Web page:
A year ago April was diagnosed with stage 3 breast cancer. Here she relates how for her and her family bringing three baby chicks into their home in the midst of the cancer turned out to be a wonderful decision.
I hope you enjoy this piece and take a moment to check out her blogs!
A Tiny, Peeping Spring Chick -- Just What the Doctor Ordered
If I said a chicken once saved the lives of my family, I wouldn't be telling you the whole truth.
It was actually three tiny chicks.
A black and white Barred Rock, a so-black-she's-green Australorp, and quirky, beardless Americana.
To us, they are Kiki, Poppy, and Sweet Cecily. And they rule the backyard.
A year ago, getting backyard chickens for our urban home (not homestead mind you, just a simple home) was a dream I looked forward to. The idea had popped into my head the previous year, and had refused to budge (they say, once your mind has been expanded by an idea, it will never shrink back – doh!). At night, I lay in bed trying to picture chickens in our very urban backyard. We couldn't have many pets in our tiny postage stamp lot, but a few chickens, I was thinking, we could manage. Pets, eggs – win/win. The pet that makes you breakfast!
I'd received a few chicken books as Christmas presents that year and as I read through the winter I was simultaneously prepping my then-3-year-old on chicken farming dos and don'ts.
But then, right before spring, everything changed. I was diagnosed with aggressive, stage 3 breast cancer. I found the lump myself one evening and when I asked my husband to feel it, he immediately said, “What the hell is that?!” It was enormous and had seemingly come out of nowhere.
With the arrival of this malignant lump, everything changed. Chemo, surgery, radiation... I was diagnosed on March 12th – when I asked my brand new oncologist how long treatment would take he said nonchalantly, “I think we can have this wrapped up by New Year's.” New Year's?! It was only March!
Suddenly I felt like I could literally hear my dreams and this little life I'd created with my family crashing down all around me like sheets of glass crashing on the floor. In the days following my diagnosis, I was haunted. Late into the night, I'd sit in bed, staring at the moon-lit oak tree in the backyard, listening to the twin sounds of my husband and child breathing in their sleep. And I would cry. I cried for me and I cried for them.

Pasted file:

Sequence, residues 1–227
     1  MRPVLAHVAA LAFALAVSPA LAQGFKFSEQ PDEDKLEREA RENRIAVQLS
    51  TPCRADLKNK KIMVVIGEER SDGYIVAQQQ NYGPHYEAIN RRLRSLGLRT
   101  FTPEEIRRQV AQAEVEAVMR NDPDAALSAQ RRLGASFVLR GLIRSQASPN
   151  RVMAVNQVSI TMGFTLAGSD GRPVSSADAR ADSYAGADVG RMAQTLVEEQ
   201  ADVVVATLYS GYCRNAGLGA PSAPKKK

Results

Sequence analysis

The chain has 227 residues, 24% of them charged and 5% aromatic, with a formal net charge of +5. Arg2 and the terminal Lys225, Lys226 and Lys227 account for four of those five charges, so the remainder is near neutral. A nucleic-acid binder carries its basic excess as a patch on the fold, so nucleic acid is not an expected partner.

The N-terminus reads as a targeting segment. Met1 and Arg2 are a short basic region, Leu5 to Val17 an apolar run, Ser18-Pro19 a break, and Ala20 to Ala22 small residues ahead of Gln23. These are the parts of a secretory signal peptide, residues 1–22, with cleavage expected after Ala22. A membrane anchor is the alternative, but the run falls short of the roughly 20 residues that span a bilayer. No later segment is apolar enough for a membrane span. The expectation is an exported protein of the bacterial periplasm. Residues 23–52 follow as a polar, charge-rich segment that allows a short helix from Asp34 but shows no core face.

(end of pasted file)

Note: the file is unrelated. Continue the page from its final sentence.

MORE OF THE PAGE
Two weeks after my diagnosis, I started chemotherapy. Chemo bridged the span from winter to summer: 5 months of intravenous treatments. My hair fell out, I was tired, and sometimes nauseous, though thankfully I was never throwing up. Mostly I was tired. I took to napping daily.
Life in our house began to revolve around treatments – receiving them & recovering from them – and doctor appointments. This is hard enough for grown-ups. Unbearable for children.
Something needed to shift our focus.
At this time, we received such an outpouring of support from friends & family, and even strangers. Everyone wanted to know how they could help. My husband's aunt was aware of my pre-cancer dream to have a little flock of hens. Being a carpenter, she set to work creating a lovely, little hen house for us, made almost entirely from salvaged materials.
While she built the hen house, we debated whether it was a good idea to get chicks this year. Was it too much to add on a new venture on top of chemo? With my weakened immune system, was it safe for me to be around the chicks? Was another new thing really what our daughter needed?